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Front Oncol. 2018 Apr 30;8:133. doi: 10.3389/fonc.2018.00133. eCollection 2018.

Transforming Growth Factor-β Signaling Plays a Pivotal Role in the Interplay Between Osteosarcoma Cells and Their Microenvironment.

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1
UMR1238 INSERM, Université de Nantes, PHY-OS, "Bone Sarcomas and Remodeling of Calcified Tissues", Medical School, Nantes, France.

Abstract

Osteosarcomas are the most frequent form of primary bone tumors and mainly affect children, adolescents, and young adults. Despite encouraging progress in therapeutic management, including the advent of multidrug chemotherapy, the survival rates have remained unchanged for more than four decades: 75% at 5 years for localized disease, but two groups of patients are still at high risk: metastatic at diagnosis (overall survival around 40% at 5 years) and/or poor responders to chemotherapy (20% at 5 years). Because these tumors are classified as "complex genomic," it is extremely difficult to determine the signaling pathways that might be targeted by specific therapies. A hypothesis has thus emerged, stating that the particular microenvironment of these tumors may interfere with the tumor cells that promote chemoresistance and the dissemination of metastases. The stroma is composed of a large number of cell types (immune cells, endothelial cells, mesenchymal stromal cells, etc.) which secrete growth factors, such as transforming growth factor-β (TGF-β), which favors the development of primary tumors and dissemination of metastases by constituting a permissive niche at primary and distant sites. Rather than targeting the tumor cells themselves, which are very heterogeneous in osteosarcoma, the hypothesis is instead to target the key actors secreted in the microenvironment, such as TGF-βs, which play a part in tumor progression. In the last decade, numerous studies have shown that overexpression of TGF-β is a hallmark of many cancers, including primary bone tumors. In this context, TGF-β signaling has emerged as a crucial factor in the cross talk between tumor cells and stroma cells in poor-prognosis cancers. Secretion of TGF-β by tumor cells or stroma cells can effectively act in a paracrine manner to regulate the phenotype and functions of the microenvironment to stimulate protumorigenic microenvironmental changes. TGF-β can thus exert its protumorigenic function in primary bone tumors by promoting angiogenesis, bone remodeling and cell migration, and by inhibiting immunosurveillance. This review focuses on the involvement of TGF-β signaling in primary bone tumor development, and the related therapeutic options that may be possible for these tumors.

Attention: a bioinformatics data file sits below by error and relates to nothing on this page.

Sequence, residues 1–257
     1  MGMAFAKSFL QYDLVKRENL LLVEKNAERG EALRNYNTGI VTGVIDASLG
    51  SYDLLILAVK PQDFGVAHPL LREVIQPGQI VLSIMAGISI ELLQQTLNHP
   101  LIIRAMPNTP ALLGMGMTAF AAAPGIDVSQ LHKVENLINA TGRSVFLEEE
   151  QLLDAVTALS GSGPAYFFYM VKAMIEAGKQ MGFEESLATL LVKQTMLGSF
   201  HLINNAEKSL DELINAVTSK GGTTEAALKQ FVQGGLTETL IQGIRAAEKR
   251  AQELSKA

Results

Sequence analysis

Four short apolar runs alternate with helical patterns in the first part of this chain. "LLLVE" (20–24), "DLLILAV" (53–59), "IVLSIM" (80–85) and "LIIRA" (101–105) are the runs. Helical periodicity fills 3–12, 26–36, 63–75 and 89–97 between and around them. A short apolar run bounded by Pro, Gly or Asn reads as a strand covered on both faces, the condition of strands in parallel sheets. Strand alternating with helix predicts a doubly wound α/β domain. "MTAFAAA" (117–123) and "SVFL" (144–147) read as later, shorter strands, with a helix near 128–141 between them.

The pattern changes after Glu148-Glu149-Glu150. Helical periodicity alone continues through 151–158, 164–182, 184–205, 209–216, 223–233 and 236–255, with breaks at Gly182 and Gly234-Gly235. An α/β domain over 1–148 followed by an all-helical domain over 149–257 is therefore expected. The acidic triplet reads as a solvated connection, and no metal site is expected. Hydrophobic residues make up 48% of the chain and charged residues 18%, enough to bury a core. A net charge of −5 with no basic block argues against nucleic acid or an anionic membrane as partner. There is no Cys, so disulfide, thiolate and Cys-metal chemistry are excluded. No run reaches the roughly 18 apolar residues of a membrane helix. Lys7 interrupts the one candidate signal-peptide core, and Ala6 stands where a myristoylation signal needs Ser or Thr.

KEYWORDS:

bone; metastases; microenvironment; osteosarcoma; transforming growth factor-β

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